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Journal of Case Reports
Anesthetic Management of Digeorge Syndrome

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Raksha Kundal, Priyanka Jain, Avnish Bhardwaj, Neelam Dogra, Vijay Kumar Kundal1
From the Department of Anaesthesia, S.M.S. Medical College & associated SPMCHI, Jaipur and Department of Paediatric Surgery1, Chacha Nehru Bal Chikitsalaya, New Delhi, India.
Corresponding Author:
Dr. Raksha Kundal
Email: rakshaadi@yahoo.com
Received: 13-MAR-2014 Accepted: 16-MAR-2014 Published Online: 30-MAR-2014
DOI: http://dx.doi.org/10.17659/01.2014.0027
Digeorge syndrome or CATCH 22 syndrome comprises of cardiac defects, abnormal facies, thymic hypoplasia, cleft palate and hypocalcemia. These factors can lead to difficult airway during anaesthesia, risk of hypocalcemic seizures during recovery and decreased immunity resulting in more chances of infection. Anticipation of problems is required for proper management of such cases.
Keywords : DiGeorge syndrome, Facies, Cleft Palate, Hypocalcemia, Seizures.
A 4 month old male child weighing 4.5 kg presented to us for emergency exploration for obstructed right inguinal hernia [Fig.1]. General physical examination showed that the child had abnormal facies and cleft palate. Systemic examination revealed pan systolic murmur on chest auscultation. Respiratory system was normal. Birth history revealed that the child was normal full term vaginal delivery born to non-consanguineous parents.  Child was ventilated for 24 hours in view of birth asphyxia. At one month of age he developed sudden breathlessness for which he was hospitalized and treated. Echocardiography done at that time reported severe tricuspid regurgitation and small patent ductus arteriosus with right to left shunt. Preoperatively patient was investigated. Parathormone levels were 10 pg/mL (normal level: 11-54 pg/mL) and calcium levels were 7.1 mg/dL (normal: 9-11 mg/dL). Hematological investigations were within normal limits. All these clinical features and investigation parameters lead us to suspect Digeorge syndrome in this child.

Patient was premedicated with syrup midazolam half hour prior to surgery. Injection calcium gluconate was given slowly under cardiac monitoring. Anesthesia was induced with injection glycopyrrolate (0.04 mg) and ketamine (2 mg/kg). Caudal block was performed using 4.5 mL, 0.2% ropivacaine with injection clonidine 1 µg/kg as adjuvant. Patient was kept on mask breathing spontaneously through Jackson Rees circuit and was maintained on 50% oxygen and 50% air along with titrated propofol infusion. Intraoperative and post-operative period was uneventful with stable vitals.

Digeorge syndrome is caused due to deletion within chromosome 22q11. It is also known as CATCH22 syndrome. C: Cardiac defect, A: Abnormal facies, T: Thymic hypoplasia, C: Cleft palate and H: Hypocalcemia. In our patient, all these features were present. Digeorge described this syndrome in 1956 in a child with recurrent infections and hypoparathyroidism [1].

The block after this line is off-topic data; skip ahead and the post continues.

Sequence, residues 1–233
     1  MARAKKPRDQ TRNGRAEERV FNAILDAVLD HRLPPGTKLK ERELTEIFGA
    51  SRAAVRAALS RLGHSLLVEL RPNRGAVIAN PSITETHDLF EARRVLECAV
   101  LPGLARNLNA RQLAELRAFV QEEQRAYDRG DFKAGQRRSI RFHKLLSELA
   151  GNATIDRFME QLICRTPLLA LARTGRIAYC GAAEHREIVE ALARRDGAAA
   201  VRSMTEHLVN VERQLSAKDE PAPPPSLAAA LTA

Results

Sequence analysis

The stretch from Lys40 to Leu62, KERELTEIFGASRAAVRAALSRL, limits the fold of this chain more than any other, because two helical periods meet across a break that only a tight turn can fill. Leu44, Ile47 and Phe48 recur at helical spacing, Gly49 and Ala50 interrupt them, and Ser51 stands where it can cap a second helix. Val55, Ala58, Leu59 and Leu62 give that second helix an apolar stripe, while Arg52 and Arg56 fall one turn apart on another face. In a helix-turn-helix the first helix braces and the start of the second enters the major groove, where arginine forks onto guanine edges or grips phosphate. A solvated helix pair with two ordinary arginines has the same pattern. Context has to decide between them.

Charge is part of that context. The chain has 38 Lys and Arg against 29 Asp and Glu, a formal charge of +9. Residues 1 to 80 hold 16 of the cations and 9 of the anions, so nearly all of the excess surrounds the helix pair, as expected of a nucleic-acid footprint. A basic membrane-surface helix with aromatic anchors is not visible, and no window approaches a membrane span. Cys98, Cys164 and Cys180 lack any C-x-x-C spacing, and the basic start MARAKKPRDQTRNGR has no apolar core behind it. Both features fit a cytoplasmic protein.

There are very few cases in literature describing anesthetic management of Digeorge syndrome [2,3]. For anesthesiologist it is important to know problems associated with this syndrome. These patients have craniofacial dysmorphism and may have difficult airway due to cleft palate and short trachea [4]. Also there is risk of hypocalcemic seizures while recovering [3]. If serum ionized calcium levels are low, patient should be supplemented with intravenous calcium and vitamin D therapy, because hyperventilation and subsequent alkalosis further decreases serum ionized calcium resulting in seizures which may be masked due to muscle relaxants  intra operatively but become evident during recovery. Hence, regional anesthesia is preferred over general anesthesia with muscle relaxants whenever feasible in these patients. Although blood transfusion was not needed in our case but in any case rapid transfusion of blood can lead to chelation of calcium by citrate and decrease in serum ionized calcium levels [5]. 

Hence, patients of Digeorge syndrome should be evaluated for hypocalcemia, cardiovascular anomalies and difficult airway. We successfully managed our case of obstructed inguinal hernia with caudal analgesia and sedation. 

  1. Cooper MD, Peterson RDA, Good RA. A new concept of the cellular bases of immunity. J Pediatr. 1956;67:907-908.
  2. Ji-Young Lee, Yun-Joung Han Korean. J Anesthesiol. 2011;60(6):449-452.
  3. Michael H. Flashburg, Burdett S. Dunbar. Anesthesiology. 1983;58:479-480.
  4. Singh VP, Agarwal RC, Sanyal S, Waghary MR, Luthera MI, Brocar JM. Anesthesia for Digeorge’s syndrome. J Cardiothoracic Vascular Anesthesia. 1997;11:811.
  5. Khan RC, Jascott D, Carlon GC, Schweitzer O, Howland WS, Goldenger PL. Correlation of ionized calcium, citrate, and hydrogen ion concentration. Anesth Analg (Cleve). 1979;58:278.
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Kundal R, Jain P, Bhardwaj A, Dogra N, Kundal VKAnesthetic Management of Digeorge Syndrome.JCR 2014;4:108-109
Kundal R, Jain P, Bhardwaj A, Dogra N, Kundal VKAnesthetic Management of Digeorge Syndrome.JCR [serial online] 2014[cited 2024 May 27];4:108-109. Available from: http://www.casereports.in/articles/4/1/Anesthetic-Management-of-Digeorge-Syndrome.html
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